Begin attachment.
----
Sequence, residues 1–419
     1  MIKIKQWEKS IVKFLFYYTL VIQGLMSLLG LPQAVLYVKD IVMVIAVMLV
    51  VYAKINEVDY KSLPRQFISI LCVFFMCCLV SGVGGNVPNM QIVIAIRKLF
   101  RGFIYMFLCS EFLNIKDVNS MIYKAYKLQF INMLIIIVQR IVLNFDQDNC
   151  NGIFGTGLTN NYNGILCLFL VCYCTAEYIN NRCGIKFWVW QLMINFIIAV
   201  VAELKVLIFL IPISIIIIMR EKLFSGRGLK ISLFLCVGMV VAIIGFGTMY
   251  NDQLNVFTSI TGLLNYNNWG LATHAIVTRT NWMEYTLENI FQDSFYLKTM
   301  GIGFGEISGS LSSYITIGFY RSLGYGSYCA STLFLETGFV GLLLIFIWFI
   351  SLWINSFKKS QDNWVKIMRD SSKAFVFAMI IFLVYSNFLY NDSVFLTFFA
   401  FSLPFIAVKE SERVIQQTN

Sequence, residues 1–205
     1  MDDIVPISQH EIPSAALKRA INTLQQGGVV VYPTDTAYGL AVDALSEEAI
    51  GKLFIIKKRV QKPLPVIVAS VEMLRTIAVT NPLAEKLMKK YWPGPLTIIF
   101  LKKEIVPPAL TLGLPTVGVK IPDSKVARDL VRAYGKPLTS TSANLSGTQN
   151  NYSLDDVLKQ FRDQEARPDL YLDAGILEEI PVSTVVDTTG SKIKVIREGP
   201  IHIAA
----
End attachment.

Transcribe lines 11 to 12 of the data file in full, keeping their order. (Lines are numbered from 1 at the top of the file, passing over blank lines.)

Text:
Sequence, residues 1–205
     1  MDDIVPISQH EIPSAALKRA INTLQQGGVV VYPTDTAYGL AVDALSEEAI